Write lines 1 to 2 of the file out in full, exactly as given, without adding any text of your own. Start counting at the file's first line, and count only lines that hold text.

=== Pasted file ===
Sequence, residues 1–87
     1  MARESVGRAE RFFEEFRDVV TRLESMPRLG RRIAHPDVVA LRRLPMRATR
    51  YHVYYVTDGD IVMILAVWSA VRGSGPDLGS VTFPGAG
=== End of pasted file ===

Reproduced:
Sequence, residues 1–87
     1  MARESVGRAE RFFEEFRDVV TRLESMPRLG RRIAHPDVVA LRRLPMRATR